The only solution I see is to offer challenges through the administrative courts.

Thanks for the background Richard. Basically I’m wondering if there are grounds for a challenge in the adminstrative courts. I don’t qualify under the seven-year rule though, so I can’t be a test case. Anyone else out there?

I am a bit surprised to hear that in practice spouses applying for permanent residence have to have held an ARC for five years. Article 40 of the Enforcement rules is very clear: “所稱合法連續居住,包括合法停留及居留之時間,&#2 1512;併計算”. (“legally living for consecutive [years] includes lawful stays and residence. These shall be calculated together.”) In fact, the care that Ministry took in parsing this was what made me pay special attention to the ARC requirement in the preceding sentence.

I suspect that the Ministry would argue that 合法居留 is a term and that it is not defined in the Law, so they are “clarifying” the term in the Enforcement Rules.

I called over to the Taipei Police Station to get their interpretation. They tried to claim that 合法連續居留 is a “term” requiring special definition. In other words, the 居留 in 合法連續居留 is not the same as the 居留 defined in Article 3 (!).

You are speaking of “continuous residency”. According to the law, if you need 183 days per year for seven years in a row (for example), then that means:

Suppose you consider the year 1995. If you have 183 days (or more) of physical presence inside the ROC area with an ARC, then that year counts.

Then let’s look at 1996. If you have 183 days (or more) of physical presence inside the ROC area with an ARC, then that year counts, and you have calculated two years continuous.

Then let’s look at 1997. Etc. Etc.

If you can meet these physical presence requirements for 1995, 1996, 1997, 1998, 1999, 2000, and 2001, then you have seven years continuous residence.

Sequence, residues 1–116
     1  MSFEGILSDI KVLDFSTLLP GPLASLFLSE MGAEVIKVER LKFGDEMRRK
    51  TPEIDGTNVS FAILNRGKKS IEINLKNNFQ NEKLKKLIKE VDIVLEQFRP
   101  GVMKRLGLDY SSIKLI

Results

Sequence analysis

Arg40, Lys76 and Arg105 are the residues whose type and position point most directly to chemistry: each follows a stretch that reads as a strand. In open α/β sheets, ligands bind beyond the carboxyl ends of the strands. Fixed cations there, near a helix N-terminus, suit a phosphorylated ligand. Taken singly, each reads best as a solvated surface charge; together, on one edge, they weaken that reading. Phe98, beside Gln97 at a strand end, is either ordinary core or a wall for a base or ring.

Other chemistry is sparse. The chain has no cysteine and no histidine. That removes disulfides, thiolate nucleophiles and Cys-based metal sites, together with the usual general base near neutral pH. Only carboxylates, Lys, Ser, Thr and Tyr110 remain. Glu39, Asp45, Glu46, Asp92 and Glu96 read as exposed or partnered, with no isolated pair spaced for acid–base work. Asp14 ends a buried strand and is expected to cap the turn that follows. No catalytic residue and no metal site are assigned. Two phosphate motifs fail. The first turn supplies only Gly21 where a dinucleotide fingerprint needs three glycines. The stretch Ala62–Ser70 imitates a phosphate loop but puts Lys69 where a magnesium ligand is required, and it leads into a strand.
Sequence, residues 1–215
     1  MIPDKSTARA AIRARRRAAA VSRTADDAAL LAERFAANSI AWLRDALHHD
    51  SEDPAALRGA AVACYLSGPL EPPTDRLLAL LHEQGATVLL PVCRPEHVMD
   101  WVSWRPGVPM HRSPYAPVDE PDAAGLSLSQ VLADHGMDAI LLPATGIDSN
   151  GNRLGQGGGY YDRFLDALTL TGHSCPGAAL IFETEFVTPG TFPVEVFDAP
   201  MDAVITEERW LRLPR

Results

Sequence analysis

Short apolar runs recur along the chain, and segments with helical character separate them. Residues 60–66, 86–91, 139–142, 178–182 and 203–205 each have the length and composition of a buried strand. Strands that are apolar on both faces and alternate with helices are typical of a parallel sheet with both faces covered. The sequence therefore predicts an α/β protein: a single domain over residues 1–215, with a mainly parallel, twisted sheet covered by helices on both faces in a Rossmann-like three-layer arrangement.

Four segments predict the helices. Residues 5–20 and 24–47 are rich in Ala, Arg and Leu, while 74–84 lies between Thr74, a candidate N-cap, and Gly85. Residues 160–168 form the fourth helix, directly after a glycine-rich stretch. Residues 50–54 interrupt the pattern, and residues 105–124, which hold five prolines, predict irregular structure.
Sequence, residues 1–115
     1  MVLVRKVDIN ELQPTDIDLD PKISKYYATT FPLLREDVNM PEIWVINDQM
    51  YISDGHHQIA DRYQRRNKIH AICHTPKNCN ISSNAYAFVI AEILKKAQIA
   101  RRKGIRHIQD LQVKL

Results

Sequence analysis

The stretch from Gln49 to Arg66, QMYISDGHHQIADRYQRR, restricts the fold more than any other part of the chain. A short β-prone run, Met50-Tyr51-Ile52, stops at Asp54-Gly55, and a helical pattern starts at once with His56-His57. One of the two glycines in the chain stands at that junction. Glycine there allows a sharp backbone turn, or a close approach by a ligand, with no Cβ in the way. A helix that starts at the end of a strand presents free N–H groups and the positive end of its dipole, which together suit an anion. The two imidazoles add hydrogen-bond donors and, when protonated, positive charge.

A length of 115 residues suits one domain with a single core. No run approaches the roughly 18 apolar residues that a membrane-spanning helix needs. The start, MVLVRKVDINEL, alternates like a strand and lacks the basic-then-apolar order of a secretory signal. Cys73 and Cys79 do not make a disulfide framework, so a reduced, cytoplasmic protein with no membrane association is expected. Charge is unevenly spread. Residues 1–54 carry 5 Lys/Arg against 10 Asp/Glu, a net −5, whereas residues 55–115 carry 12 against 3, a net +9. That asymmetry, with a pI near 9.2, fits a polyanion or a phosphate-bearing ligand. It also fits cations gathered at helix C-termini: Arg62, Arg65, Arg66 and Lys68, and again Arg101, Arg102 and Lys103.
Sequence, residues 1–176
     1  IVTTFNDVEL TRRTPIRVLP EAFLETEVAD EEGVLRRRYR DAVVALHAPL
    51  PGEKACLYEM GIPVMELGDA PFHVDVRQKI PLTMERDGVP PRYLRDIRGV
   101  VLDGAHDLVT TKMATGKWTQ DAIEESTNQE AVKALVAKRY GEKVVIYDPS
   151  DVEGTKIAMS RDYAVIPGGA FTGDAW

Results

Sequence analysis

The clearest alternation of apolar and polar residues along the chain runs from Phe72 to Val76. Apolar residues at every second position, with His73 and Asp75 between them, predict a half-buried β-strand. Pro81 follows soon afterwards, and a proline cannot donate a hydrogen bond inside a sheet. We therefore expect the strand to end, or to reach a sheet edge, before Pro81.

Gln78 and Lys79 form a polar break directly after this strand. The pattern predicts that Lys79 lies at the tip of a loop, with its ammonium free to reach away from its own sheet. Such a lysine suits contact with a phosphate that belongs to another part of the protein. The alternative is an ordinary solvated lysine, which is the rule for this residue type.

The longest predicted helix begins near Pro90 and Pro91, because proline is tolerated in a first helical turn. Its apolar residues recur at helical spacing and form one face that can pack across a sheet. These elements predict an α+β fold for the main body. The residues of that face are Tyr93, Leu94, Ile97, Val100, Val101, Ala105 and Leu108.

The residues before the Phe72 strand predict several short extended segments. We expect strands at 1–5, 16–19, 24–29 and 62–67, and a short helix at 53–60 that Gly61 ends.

This, I maintain, is the only possible interpretation which complies with the letter of the law, specifically: Article 23 of the Immigration Law.

Oh, so according to your interpretation, if I were present in Taiwan (legally) for more than 183 days in 1996 but I did not have an ARC, then 1996 would not count toward my seven consecutive years of residence?

FOREIGN SPOUSE: If you are married to an ROC national, the requirement is “living”, hence the answer is yes.

ORDINARY FOREIGNER: If you are a single foreigner or married to another foreigner, the requirement is “residency”, hence the answer is no.

Thanks for the clarification of your view. The position I am arguing is any foreigner who has lived in Taiwan for more than 183 days is a resident regardless of whether she has an ARC or not. The ARC requirement is an arbitrary limitation introduced by the Ministry of the Interior. So the interpretation I am advancing differs from your position.

The more interesting question is to what extent adminstrative agencies are allowed to make the law by redefining key terms in the implementation regulations.

Also are definitions in other laws relevant to the interpretation of definitions in this law? That is, does the definition of residency in the Foreign Passport law have any bearing on the definition of residency in the Immigration Law?

Could someone perhaps clarify for an ignorant foreigner what other reuirements need to be met to qualify for APRC?
I have the seven years, 183 days covered, but is there a more onerous one I haven’t met(that I don’t know about)?